Steve Brooker treads through a sea of slime, protected by rubber boots and fisherman’s coveralls, stopping every few feet to probe the soggy ground with his trowel. “We’re looking for pure black mud,” the tall, gaunt 50-year-old marathon runner and commercial window fitter tells me. “The black mud is anaerobic—there’s no air in it. If we chuck your trainer in,” Brooker adds, using a British word for running shoe, “it will survive for 500 years.”
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Brooker has taken me to a stretch of the Thames flowing past Greenwich, a district in south London, to inspect a nearly 600-year-old garbage dump at the former site of Placentia Palace—the main residence, demolished in the 17th century, of King Henry VIII and birthplace of Queen Mary I and her half-sister, Queen Elizabeth I. Here, members of the royal staff discarded everything from oyster shells to the pins used by the Elizabethans to secure their high frilled circular collars. Now it’s a favorite digging spot for Brooker and his Mudlarks, amateur archaeologists licensed by the city who prowl the banks of the Thames searching for fragments of London’s history.
The Mudlarks take their name from 19th-century street urchins who foraged along the river. “They were the lowest of the low,” says Brooker. “They scavenged for rags, bits and pieces of boats, anything they could sell.” Brooker has made his way along virtually every inch of the Thames as it winds through London, studying the river’s tides and flow. He’s one of the group’s most prolific spotters, as well as a minor celebrity who stars in “Mud Men,” an ongoing History Channel UK documentary series. He calls himself the “Mud God.”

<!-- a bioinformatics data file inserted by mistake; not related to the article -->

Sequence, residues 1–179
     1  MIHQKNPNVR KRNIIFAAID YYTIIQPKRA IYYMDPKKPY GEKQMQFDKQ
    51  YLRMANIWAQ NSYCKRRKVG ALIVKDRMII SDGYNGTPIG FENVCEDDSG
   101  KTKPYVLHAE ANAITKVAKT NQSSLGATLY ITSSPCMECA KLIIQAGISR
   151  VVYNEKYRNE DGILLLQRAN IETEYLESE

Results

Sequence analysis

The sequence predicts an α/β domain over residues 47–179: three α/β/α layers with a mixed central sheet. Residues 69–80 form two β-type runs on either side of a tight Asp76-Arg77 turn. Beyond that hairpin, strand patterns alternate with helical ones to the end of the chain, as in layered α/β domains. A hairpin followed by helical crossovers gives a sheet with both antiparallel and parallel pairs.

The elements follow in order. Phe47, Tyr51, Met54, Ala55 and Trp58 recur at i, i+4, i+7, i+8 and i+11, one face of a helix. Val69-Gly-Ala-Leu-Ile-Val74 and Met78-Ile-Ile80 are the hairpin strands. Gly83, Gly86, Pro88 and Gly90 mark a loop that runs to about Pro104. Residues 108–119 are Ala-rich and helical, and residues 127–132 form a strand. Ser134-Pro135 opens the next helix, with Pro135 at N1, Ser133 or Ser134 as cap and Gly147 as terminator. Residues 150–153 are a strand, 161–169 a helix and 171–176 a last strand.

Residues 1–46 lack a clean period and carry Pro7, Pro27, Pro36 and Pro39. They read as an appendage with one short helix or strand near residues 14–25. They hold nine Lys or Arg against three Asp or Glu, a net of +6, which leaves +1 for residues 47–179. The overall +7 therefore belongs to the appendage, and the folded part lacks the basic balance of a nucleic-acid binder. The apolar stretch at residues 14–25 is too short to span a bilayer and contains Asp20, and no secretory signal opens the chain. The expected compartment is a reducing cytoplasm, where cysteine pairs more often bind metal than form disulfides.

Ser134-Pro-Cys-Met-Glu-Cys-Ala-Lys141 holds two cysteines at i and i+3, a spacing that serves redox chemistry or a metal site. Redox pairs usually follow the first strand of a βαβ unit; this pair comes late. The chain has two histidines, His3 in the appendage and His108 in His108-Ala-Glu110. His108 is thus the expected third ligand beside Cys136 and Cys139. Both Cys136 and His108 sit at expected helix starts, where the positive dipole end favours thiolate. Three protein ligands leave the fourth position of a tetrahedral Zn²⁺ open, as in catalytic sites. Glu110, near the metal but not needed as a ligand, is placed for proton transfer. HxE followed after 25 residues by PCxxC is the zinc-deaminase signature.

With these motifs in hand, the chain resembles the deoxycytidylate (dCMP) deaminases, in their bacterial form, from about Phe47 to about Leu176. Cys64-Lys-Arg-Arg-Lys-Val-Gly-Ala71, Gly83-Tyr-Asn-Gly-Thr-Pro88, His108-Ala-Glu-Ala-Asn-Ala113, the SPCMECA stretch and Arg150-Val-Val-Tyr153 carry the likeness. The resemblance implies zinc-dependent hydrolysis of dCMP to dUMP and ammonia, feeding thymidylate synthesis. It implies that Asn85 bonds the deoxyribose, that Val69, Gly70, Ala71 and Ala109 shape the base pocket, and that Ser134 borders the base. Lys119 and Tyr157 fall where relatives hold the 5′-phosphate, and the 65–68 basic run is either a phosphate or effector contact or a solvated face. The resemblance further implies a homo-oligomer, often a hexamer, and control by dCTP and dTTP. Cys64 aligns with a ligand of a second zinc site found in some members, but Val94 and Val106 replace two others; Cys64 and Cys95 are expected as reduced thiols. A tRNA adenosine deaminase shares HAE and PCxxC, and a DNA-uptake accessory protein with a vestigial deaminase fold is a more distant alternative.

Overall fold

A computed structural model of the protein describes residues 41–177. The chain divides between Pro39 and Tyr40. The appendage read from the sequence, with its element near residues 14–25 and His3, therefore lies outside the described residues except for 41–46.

As we walk along the river’s edge, Brooker bends down and plucks from the ooze what looks like a thin copper farthing. He identifies the coin as a 17th-century “traders’ token” distributed by candlemakers, butchers and other shopkeepers during government coin shortages and accepted in lieu of cash. Other recent finds include a finely carved wooden harpoon some 4,000 or 5,000 years old, an iron ball and chain worn by a prisoner from the 17th or 18th century, decorated stoneware from the 1600s and 1700s, and the 200-year-old skeleton of a teenage girl.
At 215 miles, from the Cotswold Hills to the North Sea, the Thames is England’s longest river, and mile for mile has witnessed more than its share of epochal events. Julius Caesar crossed the river he called the “Tamesis”—from a Celtic root word meaning “dark”—in 54 B.C. On June 15, 1215, twenty-five barons forced King John to sign the Magna Carta at Runnymede, beside the Thames. Oxford University came into being on the river’s north bank. Conspirators gathered at Henley-on-Thames (now the site of the famous regatta) to plot the Glorious Revolution of 1688 that overthrew Catholic King James II and brought Protestant William and Mary to the throne. Dozens of kings and queens were born, lived and died along the river, at the castles of Hampton Court, Placentia and Windsor. When an American congressman compared the Thames unfavorably with the mighty Mississippi, 2,320 miles long, the trade unionist and M.P. John Burns replied: “The Mississippi is muddy water, but the Thames is liquid history.”